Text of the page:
Identification of age groups of managed Pine plantation using remote sensing data
Ranitha L. Ratnayake
Dept. of Geography
University of Kelaniya
Tel: 0094 112914489
Identification of different age groups is an important requirement for forest management. Forest cover can be estimated using Normalised Difference Vegetation Index (NDVI) from satellite data. The objective of this study was to identify changes of the forest cover in different age groups from the spectral reflectance measured by the satellites. This paper analyses the relationship between NDVI and different ages of managed pine plantation in the Kings Forest, East Anglia, UK. The satellite data used was - SPOT HRV multi-spectral image 1996. Secondary data on forest management operations were derived from compartment records supplied by the Forestry Commission and informal discussions with forest managers.
Age is an important variable in forest growth. Therefore this study investigated changes of NDVI in different age groups <7, 8-17, 18-37, 38-57 and >58 years. The study found that NDVI range from 0.445-0.747 in the pine stands. However, in each age group slight changes can be easily recognised. NDVI increased from 0.427 to 0.578 in the < 7 years and 0.706 to 0.738 in the 8 -17 years old pine stands. The results of the correlation analysis indicate a high positive correlation coefficient of 0.99 and 0.97 respectively. However, in the stands aged 18-37 and 38-57 years the increase with age showed an irregular pattern with more variations than in the very young stands. No significant correlation was found between NDVI and age in this group, and it shows the lowest correlation coefficient of 0.62 and 0.65 respectively. The next stage the old age group indicates positive high correlation (r =0.81) due to considerable increase of NDVI at the age of 60 years suggesting that background features may have contributed to the reflected signals.
When determining the spectral responses of forest canopies, forest cover plays a key role because it controls the amount of understorey vegetation, which is visible to the sensors (Nemani et al., 1993). Therefore, identifying, detecting and monitoring vegetation cover, particularly in forest, has become a major application of satellite remote sensing (Hall et. al., 1996; Sader and Winne, 1992). Remote sensing instruments measure the radiation flux for a unit area of the Earth surface and provide a spatially referenced representation of its surface. Measurements of radiation flux in the visible and near infrared portion of the electromagnetic spectrum have been used to calculate various vegetation indices, which have been used for both qualitative and quantitative assessments of vegetation cover. Vegetation indices are highly useful for detecting the amount of vegetation within the canopy cover because these indices enhance the contrast between the ground and vegetation. The most widely used vegetation index is the Normalised Difference Vegetation Index (NDVI), which is used this study.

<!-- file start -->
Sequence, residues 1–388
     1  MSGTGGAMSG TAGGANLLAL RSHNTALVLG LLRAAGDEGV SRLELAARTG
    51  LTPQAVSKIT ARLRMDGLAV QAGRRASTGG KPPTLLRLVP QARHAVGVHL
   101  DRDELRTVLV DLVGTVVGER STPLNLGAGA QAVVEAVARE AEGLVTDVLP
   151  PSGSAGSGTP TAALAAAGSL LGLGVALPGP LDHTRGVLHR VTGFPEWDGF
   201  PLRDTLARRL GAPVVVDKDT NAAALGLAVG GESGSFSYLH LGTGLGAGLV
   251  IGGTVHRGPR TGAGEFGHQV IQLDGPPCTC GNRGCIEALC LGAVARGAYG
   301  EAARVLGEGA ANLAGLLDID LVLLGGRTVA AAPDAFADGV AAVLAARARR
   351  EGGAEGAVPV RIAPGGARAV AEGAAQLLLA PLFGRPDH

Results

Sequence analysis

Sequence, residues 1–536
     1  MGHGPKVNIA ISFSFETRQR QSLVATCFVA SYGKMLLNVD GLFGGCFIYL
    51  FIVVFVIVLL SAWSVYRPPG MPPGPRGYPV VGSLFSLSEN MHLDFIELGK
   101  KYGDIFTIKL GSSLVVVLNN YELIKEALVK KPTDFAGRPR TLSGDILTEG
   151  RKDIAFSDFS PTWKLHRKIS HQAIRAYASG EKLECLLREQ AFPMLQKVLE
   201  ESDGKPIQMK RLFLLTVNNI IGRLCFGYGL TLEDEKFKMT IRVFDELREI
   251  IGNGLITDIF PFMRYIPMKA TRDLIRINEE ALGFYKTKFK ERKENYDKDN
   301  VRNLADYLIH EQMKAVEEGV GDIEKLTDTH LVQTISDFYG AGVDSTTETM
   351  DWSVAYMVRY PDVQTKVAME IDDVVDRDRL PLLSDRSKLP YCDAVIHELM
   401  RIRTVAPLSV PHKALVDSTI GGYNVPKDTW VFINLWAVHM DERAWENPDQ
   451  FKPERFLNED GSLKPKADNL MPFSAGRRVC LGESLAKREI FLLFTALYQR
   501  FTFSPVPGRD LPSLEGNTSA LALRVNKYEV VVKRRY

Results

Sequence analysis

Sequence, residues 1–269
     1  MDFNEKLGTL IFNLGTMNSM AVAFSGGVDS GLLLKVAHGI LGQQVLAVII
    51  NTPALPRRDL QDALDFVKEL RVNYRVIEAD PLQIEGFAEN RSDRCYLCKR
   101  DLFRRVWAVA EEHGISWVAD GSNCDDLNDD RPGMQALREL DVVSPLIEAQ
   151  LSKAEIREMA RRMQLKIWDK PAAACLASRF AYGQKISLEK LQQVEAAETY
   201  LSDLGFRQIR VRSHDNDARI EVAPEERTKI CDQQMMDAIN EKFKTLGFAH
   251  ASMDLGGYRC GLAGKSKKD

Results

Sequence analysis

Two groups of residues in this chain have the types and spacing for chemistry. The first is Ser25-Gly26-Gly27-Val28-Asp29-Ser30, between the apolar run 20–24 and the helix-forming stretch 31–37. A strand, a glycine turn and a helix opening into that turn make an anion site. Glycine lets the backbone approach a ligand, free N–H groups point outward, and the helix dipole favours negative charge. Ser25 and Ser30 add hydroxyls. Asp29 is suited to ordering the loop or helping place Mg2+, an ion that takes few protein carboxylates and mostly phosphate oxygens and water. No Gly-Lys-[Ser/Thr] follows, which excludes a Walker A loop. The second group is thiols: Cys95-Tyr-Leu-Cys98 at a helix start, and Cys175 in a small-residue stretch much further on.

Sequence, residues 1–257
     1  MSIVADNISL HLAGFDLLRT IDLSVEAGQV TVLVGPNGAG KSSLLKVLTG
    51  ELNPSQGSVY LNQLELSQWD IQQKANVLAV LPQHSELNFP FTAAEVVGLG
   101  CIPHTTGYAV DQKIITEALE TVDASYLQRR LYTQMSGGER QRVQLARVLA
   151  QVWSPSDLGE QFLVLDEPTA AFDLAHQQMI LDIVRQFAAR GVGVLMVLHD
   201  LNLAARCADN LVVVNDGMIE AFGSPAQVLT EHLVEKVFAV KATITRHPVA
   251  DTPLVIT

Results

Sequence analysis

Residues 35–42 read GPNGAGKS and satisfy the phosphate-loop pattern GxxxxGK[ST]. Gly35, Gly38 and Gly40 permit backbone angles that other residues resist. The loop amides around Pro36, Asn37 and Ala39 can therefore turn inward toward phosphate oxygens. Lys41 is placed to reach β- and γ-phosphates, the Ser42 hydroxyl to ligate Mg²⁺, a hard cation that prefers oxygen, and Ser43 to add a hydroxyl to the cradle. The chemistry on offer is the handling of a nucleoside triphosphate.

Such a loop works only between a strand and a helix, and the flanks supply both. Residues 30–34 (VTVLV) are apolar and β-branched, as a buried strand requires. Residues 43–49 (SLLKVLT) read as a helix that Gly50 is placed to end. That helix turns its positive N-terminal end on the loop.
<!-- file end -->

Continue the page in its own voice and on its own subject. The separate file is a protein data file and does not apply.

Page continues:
There is an increasing need for accurate measurement of forest cover in terms of both its spatial and temporal variation for improvements in forest management. Therefore the main aim of this paper is to analyse the spatial changes of forest cover between different age groups using satellite-derived values of the Normalised Difference Vegetation Index (NDVI). The analysis focuses on NDVI changes in different types of stands within the same site. Correlation analysis was also used to examine the relationship between NDVI and the age of trees in the different compartments of the forest stand.
2. Site Description
In order to assess the changes of forest cover in different age groups a study area has been selected in the Kings Forest. It contains 213 compartments covering 2334 ha. with mainly coniferous trees, situated to the south of Thetford forest in East Anglia, UK (Latitude 50 0. 20’ North and Longitude 00 0. 38’ East). Kings Forest is a forest managed for the production of timber by the Forestry Commission, from whom maps and records were obtained. The forest is dominated by single species, even-aged compartments mainly of Corsican Pine (Pinus nigra var. maritima) and Scots Pine (Pinus sylvestris) with a much smaller number of compartments of broad-leaved species such as Beech (Fagus sylvatica) and an understory of brambles, bracken, broom and grass.